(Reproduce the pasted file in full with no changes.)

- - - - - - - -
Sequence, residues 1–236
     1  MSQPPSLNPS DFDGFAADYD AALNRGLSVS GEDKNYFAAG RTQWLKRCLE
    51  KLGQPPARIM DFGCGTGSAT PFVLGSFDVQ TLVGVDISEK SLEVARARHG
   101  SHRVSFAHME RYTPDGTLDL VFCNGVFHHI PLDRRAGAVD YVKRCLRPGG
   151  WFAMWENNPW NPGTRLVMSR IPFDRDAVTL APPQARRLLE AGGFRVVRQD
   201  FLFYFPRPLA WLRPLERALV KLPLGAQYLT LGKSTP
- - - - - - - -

Sequence, residues 1–236
     1  MSQPPSLNPS DFDGFAADYD AALNRGLSVS GEDKNYFAAG RTQWLKRCLE
    51  KLGQPPARIM DFGCGTGSAT PFVLGSFDVQ TLVGVDISEK SLEVARARHG
   101  SHRVSFAHME RYTPDGTLDL VFCNGVFHHI PLDRRAGAVD YVKRCLRPGG
   151  WFAMWENNPW NPGTRLVMSR IPFDRDAVTL APPQARRLLE AGGFRVVRQD
   201  FLFYFPRPLA WLRPLERALV KLPLGAQYLT LGKSTP